The electoral campaign for the parliamentary elections of December 6 in Venezuela began in early November amid general apathy in a country that is cooking in an endless economic and social crisis. In Caracas it is much more noticeable to perceive the flow of people who are organizing to migrate than to go out to vote. Opinion polls predict an abstention of more than 70%.
The popular anchor of Chavismo has deeply weakened over the years. However, by moving what is left of their membership they would have enough for a comfortable majority of seats. The proselytizing tours of the candidates for deputies present a soulless aspect. The ruling United Socialist Party of Venezuela (PSUV) is facing difficulties in motivating its community leaders and promoters of the vote in impoverished areas. Advertising spots began to abound offering promises and solutions on radio and television. Miraflores is interested in fostering the idea of a festive atmosphere in a traditional multi-party election. The private channel Venevisión has organized some televised debates between the Chavista candidates and those of the opposition faction that has decided to participate, the moderate National Dialogue Table.
“Between 25% and 30% of the electorate say they are determined to vote,” says Félix Seijas, director of the polling firm Delphos. “The vast majority is still the Chavista electorate, although there is a small part of opponents who demand electoral presence, and who will end up voting for these parallel opposition options. Within Chavismo, Seijas affirms, abstention ranges around 40%.
The percentage of people who continue to define themselves as “Chavista” in opinion polls has gone from 50% in a year like 2012, to 13% today. “Within the PSUV a special effort must be made, an important internal work to moralize its militancy,” says Seijas. “In our measurements there is a palpable discourse: the Chavista sector speaks of the need for a new National Assembly, to remove the Opponents who sabotage and promote international sanctions.” Seijas estimates that the overall turnout in parliamentary elections “will not rise above 30% and will not fall below 20.”
Luis Vicente León, economist and political analyst, director of the firm Datanálisis, affirms that the levels of participation in women parliamentarians could be close to 34%. “The problem is that this is not an auditable election, it will be very uneven. There is no way to project a reliable statistical forecast regarding the number of votes ”.
The “house to house” announced by Diosdado Cabello, first vice president of the PSUV, is the reissue of a crusade in which the political-military apparatus of Chavismo deploys an ambitious logistical operation to organize its sympathizers and persuade new voters. It is a political work that has a very special emphasis on the most depressed areas of the country, and that places access to state subsidies as a condition.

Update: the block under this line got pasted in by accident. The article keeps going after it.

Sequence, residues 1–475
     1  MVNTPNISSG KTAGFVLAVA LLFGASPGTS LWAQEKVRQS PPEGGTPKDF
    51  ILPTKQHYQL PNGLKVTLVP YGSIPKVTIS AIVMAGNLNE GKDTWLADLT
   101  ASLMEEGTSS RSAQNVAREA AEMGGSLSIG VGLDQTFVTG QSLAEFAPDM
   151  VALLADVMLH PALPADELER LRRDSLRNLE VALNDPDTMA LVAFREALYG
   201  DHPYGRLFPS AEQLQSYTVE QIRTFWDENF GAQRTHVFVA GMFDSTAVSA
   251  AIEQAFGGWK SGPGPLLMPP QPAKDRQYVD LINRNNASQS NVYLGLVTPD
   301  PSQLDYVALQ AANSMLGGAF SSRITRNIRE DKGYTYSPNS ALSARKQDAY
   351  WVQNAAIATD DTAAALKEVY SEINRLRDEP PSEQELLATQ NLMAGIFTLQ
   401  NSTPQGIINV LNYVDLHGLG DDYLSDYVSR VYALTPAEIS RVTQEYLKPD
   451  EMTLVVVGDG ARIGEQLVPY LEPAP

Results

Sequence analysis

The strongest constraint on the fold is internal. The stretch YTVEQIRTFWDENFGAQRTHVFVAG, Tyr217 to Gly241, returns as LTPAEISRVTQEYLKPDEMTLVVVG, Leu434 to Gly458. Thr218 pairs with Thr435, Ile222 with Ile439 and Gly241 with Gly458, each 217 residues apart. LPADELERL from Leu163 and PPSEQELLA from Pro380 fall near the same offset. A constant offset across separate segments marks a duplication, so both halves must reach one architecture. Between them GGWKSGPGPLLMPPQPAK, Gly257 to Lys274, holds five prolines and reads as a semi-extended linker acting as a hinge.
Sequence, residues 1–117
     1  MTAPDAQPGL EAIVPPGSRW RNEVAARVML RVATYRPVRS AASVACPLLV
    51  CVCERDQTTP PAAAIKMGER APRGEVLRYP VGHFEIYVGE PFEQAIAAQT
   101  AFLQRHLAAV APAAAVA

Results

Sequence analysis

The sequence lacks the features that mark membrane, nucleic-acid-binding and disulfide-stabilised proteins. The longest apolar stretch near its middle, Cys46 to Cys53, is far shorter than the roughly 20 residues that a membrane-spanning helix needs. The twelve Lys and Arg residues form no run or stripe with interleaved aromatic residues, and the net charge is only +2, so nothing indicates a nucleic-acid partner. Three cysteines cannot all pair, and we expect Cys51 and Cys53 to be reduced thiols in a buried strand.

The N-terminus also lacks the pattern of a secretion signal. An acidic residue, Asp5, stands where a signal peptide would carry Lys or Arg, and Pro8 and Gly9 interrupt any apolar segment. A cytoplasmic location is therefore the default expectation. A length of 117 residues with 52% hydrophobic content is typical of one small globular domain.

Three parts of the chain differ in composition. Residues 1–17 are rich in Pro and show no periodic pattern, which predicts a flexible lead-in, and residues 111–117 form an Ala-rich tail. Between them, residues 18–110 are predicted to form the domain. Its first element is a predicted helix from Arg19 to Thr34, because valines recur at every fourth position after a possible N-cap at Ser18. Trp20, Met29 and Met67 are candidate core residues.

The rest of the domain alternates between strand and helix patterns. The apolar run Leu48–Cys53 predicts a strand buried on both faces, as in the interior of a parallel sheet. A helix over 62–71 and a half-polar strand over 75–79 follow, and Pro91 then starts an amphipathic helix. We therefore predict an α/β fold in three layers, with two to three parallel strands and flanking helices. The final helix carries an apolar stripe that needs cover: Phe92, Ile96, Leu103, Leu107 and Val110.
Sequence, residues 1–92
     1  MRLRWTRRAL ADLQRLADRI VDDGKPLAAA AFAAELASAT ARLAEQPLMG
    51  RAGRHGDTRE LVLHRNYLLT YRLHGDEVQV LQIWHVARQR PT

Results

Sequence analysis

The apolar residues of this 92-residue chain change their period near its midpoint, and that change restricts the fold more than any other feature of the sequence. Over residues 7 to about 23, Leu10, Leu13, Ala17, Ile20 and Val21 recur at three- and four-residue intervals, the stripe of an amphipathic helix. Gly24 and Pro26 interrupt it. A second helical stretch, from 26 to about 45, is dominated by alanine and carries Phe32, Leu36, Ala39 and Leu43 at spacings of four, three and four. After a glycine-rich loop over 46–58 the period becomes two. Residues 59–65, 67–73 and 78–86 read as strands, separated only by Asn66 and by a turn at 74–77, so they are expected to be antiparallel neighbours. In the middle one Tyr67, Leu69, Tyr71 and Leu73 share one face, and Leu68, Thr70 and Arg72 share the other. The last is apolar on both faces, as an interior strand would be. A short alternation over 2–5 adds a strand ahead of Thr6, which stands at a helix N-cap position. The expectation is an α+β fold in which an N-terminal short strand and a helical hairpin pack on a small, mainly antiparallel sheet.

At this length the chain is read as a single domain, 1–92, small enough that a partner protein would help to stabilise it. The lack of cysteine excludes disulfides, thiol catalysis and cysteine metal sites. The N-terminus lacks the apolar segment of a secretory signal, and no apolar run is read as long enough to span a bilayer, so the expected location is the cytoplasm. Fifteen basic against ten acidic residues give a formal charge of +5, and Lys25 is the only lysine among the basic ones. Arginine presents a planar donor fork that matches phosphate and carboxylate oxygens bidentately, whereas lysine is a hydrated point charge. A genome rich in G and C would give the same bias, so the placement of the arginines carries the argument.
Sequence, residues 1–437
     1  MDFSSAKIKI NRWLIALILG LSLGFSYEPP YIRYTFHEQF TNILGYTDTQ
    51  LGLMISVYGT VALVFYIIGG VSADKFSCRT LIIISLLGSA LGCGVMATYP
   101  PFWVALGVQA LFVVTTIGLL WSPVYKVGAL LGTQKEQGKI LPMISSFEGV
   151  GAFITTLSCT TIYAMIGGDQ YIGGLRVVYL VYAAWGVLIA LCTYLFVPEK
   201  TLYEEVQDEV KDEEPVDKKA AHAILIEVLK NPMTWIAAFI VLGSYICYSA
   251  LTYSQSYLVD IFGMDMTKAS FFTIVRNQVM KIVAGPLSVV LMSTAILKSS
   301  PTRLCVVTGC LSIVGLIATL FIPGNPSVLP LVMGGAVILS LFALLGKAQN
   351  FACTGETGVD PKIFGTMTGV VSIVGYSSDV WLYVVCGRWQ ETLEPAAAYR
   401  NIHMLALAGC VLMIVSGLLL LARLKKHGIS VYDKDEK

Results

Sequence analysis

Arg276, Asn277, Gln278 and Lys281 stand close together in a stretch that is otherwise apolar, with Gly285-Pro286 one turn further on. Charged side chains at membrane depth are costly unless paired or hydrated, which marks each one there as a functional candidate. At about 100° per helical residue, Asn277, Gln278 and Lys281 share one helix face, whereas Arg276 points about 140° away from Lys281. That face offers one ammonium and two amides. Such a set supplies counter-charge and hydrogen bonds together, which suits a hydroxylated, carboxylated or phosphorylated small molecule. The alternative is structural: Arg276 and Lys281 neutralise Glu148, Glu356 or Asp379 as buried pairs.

Usually, thanks to the information that is leaked from the National Electoral Council itself – dominated by Chavismo – the ruling party high commands evaluate the behavior of the electorate on election day in real time, and make additional decisions to add more votes. The closings of the polling stations are delayed or advanced depending on the needs of the ruling party.
The Armed Forces help the PSUV to bring in voters, bringing and bringing neighbors, and eventually attend the vote. Anyone who has not gone to vote will be knocked on your door. In a “Red Dot”, installed next to each electoral center, the voter will leave his name and the testimony of his vote. By showing your Carnet de la Patria, access to food bags and government salary bonuses will be validated.
On the opposite sidewalk, the opposition forces that decided not to attend the parliamentary elections because they considered them fraudulent, led by Juan Guaidó, are organizing the so-called Popular Consultation, an alternative event scheduled for December 12, which includes the diaspora and includes mechanisms of digital participation. The Popular Consultation invites the population to reject Maduro’s call and to organize honest and verifiable presidential and parliamentary elections.
Disinterest in this activity, which is necessarily non-binding, is also high. León affirms that the intention of the population in the Popular Consultation does not go much beyond 30% either. “An important part of the country does not know about the initiative and the opposition does not have access to the mass media,” he says. “The vast majority of Venezuelans want a political change, but although Guaidó is much more accepted and popular than Maduro, the most common thing in our measurements is that those consulted affirm that they do not identify with either the government or the opposition.”